• Musaffa Sharh-i Muwatta'. It is a commentary in Persian on the Muwatta'. It represents Shah Wali Ullah's methodology in the teaching of Hadith. It was first published in 1293 A.H. in Delhi in two volumes. It has been translated into Urdu by Sayyid 'Abd Ullah and was published from Calcutta in 1294 A.H.
• Sharh Tarajim Ba'dAbwab al-Bukhan (Arabic), Hyderabad, 1949. In this treatise, Shah Wali Ullah has discussed the wisdom of the topical headings adopted by Imam Bukhari for different chapters of ahadith of this important compendium of traditions compiled by Imam Bukhari (d. 256 A.H.). It was first published in Hyderabad (India) in 1323 A.H.
• Al-lnsaffl Bayan Sabab al-lkhtilaf (Arabic), Beirut, 1977, 114 pp. It is a juridical discourse on the compilation of the early compendia of ahadith, and the evolution of different schools of jurisprudence. It also discusses the nature of disagreement among the jurists and the principles of resolving various conflicting opinions so as to arrive at a synthetic view within the broad framework of Islamic jurisprudence. It was first published in Delhi in 1308 A.H. It was also translated into Urdu. • Iqd al-Jld ft Bayan Ahkam al-ljtihad wa al-Taqlid (Arabic), Delhi, 1925. This treatise discusses various dimensions of the issues involved in ijtihad and taqlid and presents a balanced view on this oft-discussed and much-debated question. It was also translated into Urdu.
• Hujjat Allah al-Balighah (Arabic), Cairo, 1933. It is the magnum opus of the author and constitutes a highly significant exposition of the Islamic worldview. We shall separately present an introduction to this work in some detail. It was first published in Bareily (India) in 1286 A.H. A number of Urdu translations of this work have appeared. It has also been recently translated into English under the title: The Conclusive Argument from God by Marcia Hermansen, and the first part of the translation has been published by E.J. Brill at Leiden in 1996. • Al-Budur al-BQzighah (Arabic), Hyderabad, 1970. It is the second most important contribution of the author to a philosophical and rational interpretation of Islam after Hujjat Allah al-Balighah. It has also been translated into English by J.M.S. Baijon. • Al-Khayr al-Kathir (Arabic), Bijnaur, India, 1325 A.H. It is a brief work in which he attempts to explain the fundamentals of faith with an approach combining rational and traditional arguments. • Maktub-i Madam (Persian), Lahore, 1965. It is a long letter addressed by Shah Wali Allah to one Isma'il ibn 'Abd Allah Rumi. It deals with the metaphysical dimensions of the concept of existence. The work explains the position of the author on the problem of existence which syntheses the views of Ibn 'Arabi and Shaykh Ahmad Sirhindi. This letter has also been included in al-TafhTmat al-Ilahiyyah. • Al- 'Aqidah al-Hasanah (Arabic), Lucknow, 1962, 72 pp. It is a plain and rational presentation of the fundamentals of belief in Islam. It has also been translated into Urdu. • Al-Muqaddimah al-Saniyyah fi Intisar al-Firqah al-Sunniyyah (Persian), Delhi, (n.d.). This work attempts a rational expose of the Sunni theological doctrines in comparison with the doctrines of the Shi'ah. This is in fact Shah Wali Allah's introduction to the Persian translation of a treatise by Shaykh Ahmad Sirhindi entitled Radd-i-Rawafii.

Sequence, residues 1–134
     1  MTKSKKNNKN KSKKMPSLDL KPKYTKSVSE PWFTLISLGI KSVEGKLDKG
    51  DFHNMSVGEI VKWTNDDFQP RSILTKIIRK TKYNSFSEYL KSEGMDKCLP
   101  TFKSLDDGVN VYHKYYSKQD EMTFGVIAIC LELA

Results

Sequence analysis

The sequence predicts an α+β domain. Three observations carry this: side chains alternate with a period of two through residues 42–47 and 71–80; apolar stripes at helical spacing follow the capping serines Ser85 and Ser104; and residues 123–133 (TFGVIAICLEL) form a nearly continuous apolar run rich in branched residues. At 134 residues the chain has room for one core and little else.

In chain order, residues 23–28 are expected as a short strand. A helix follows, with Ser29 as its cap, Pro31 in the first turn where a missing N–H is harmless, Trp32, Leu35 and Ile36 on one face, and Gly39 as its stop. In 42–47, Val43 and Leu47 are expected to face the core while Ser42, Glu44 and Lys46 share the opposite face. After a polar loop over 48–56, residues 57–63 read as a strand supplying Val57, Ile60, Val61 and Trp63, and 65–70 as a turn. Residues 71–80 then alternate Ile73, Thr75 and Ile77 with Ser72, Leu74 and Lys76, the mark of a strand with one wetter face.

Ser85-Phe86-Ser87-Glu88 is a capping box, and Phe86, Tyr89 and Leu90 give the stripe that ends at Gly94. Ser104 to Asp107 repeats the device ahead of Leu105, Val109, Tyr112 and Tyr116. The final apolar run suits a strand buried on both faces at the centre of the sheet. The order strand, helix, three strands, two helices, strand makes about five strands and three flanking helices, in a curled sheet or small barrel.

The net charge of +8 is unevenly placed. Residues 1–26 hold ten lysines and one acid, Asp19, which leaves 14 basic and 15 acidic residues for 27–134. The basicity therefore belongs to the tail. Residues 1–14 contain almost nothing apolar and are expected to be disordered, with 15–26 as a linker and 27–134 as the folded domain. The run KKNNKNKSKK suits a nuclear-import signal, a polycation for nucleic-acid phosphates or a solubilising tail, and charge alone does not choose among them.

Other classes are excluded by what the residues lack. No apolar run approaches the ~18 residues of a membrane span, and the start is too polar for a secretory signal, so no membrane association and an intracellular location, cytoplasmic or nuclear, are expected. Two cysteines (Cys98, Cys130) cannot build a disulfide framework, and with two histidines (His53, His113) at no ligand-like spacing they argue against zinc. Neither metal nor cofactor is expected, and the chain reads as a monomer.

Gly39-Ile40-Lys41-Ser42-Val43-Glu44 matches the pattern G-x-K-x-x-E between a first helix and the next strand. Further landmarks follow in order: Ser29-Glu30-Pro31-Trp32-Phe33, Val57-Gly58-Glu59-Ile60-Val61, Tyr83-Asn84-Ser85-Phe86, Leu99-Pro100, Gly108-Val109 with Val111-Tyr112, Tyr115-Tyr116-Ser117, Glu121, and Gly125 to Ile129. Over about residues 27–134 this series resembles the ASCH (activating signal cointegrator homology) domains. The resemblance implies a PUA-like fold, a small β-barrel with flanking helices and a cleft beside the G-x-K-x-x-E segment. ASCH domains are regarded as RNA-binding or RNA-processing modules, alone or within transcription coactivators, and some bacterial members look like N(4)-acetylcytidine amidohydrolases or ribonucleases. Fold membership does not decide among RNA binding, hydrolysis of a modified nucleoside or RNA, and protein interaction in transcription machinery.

• Al-Tafhimat al-Ilahiyyah (Arabic and Persian) (Bijnaur India: 1936), 264 pp. This work is in two volumes and includes a number of stray writings of the author, in which he has explained subtle points of rational and spiritual import with regard to the teachings of the true faith. Some of these writings are in Arabic and others in Persian. • Altaf al-Quds (Persian) Delhi, n.d. It deals with the basic principles of the spiritual sciences. It has been translated into Urdu (Lahore; 1975), and also English under the title: The Sacred Knowledge of the Higher Functions of the Mind (Lahore: 1982). • Sata'at (Persian) (Hyderabad: 1970), 54 pp. It discusses various aspects and dimensions of Divine theophany and attempts to explain the nature of the abstract and material worlds and their respective characteristics. It has been translated into English and Urdu. • Fuyud al-Haramayn (Arabic) (Delhi: n.d.), 144 pp. Shah Wali Allah relates his spiritual experiences during his sojourn in Makkah and Madinah. It has also been translated into Urdu. The Urdu version was published in Lahore in 1947. • Anfas al- 'Arifin (Persian). It narrates the spiritual attainments of the author's forefathers and spiritual ancestors. It was first published in 1335 A.H. in Delhi.